Arkansas Attorney General: Public Input Essential To Combat Corruption
The latest effort to combat public corruption in Arkansas is coming from the state’s top law enforcement official.
Attorney General Leslie Rutledge announced Wednesday her office is forming a Public Integrity Division under the existing Special Investigations Department to investigate claims of corruption against public officials.
Rutledge noted the division’s creation is not intended as a direct response to a slew of convictions of former legislators and lobbyists for misdirecting or misusing state general improvement money.
“This is not directed… in response to elected officials being found guilty in corruption trials or pleading guilty. This is in response to, sadly, what we’ve seen over decades,” Rutledge said. “Ideally we won’t have corruption, but unfortunately we do.”
The Arkansas Senate recently announced its own rule changes to combat corruption, including new mandatory training and the formation of a five-member committee to address concerns.
The move came after numerous former state legislators, including senators Jon Woods and Jake Files, were either convicted or pled guilty to misdirecting or misusing state general improvement money. The incoming speaker of the Arkansas House of Representatives, Matthew Shepherd (R-El Dorado), has said he would consider adopting similar rules.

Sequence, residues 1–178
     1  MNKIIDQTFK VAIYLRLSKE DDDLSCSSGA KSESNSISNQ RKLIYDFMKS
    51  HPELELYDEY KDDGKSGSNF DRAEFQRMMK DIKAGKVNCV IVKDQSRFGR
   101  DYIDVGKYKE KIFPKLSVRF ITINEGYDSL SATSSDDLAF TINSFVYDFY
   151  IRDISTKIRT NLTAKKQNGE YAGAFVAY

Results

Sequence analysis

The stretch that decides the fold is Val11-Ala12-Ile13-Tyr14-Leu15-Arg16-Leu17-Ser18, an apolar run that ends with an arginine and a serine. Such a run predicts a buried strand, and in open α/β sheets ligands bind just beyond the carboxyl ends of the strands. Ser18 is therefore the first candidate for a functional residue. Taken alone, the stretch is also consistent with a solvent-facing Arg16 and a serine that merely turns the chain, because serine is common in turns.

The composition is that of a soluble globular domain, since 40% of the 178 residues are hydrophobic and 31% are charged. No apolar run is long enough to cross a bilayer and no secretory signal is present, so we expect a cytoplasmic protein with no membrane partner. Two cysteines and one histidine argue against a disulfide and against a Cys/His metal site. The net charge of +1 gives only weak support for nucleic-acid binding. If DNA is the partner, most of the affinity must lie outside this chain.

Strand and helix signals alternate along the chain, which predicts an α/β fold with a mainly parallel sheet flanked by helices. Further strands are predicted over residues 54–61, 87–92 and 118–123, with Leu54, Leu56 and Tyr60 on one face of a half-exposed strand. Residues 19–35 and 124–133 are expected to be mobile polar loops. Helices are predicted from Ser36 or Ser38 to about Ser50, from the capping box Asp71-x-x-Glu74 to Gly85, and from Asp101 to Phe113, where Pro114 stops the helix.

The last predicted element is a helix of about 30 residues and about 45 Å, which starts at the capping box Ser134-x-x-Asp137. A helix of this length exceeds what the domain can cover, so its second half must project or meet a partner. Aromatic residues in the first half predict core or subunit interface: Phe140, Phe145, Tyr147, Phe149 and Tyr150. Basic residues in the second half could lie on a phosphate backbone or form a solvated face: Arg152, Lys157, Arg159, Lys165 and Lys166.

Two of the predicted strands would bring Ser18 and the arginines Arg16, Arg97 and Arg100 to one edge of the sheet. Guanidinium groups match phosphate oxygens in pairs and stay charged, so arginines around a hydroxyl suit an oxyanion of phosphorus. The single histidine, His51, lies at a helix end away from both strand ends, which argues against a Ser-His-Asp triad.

When asked how the division would handle possible claims against the Attorney General’s office itself, Rutledge said she has faith in her investigators’ ability to be impartial.
“I expect the Public Integrity Division to handle it, whether it’s a complaint against me or a complaint against an AG employee, to investigate it… just the same as they would with regard to any complaint that they receive,” Rutledge said.
Rutledge’s office will also partner with an existing task force alongside the Arkansas State Police and the Federal Bureau of Investigation. Diane Upchurch, special agent in charge for the FBI Little Rock Division, said the bureau will approach cases of public corruption like any other investigation.
“One thing that we’ve learned is working with our partners at the federal, state and local levels has greatly improved our operations and investigations on these matters,” Upchurch said. “And this is no different from any other case.”
According to Rutledge, the Public Integrity Division would have a web presence where Arkansans could alert the division to potential unethical conduct by public employees. Rutledge said her office will fill two vacant investigator positions to help staff the division.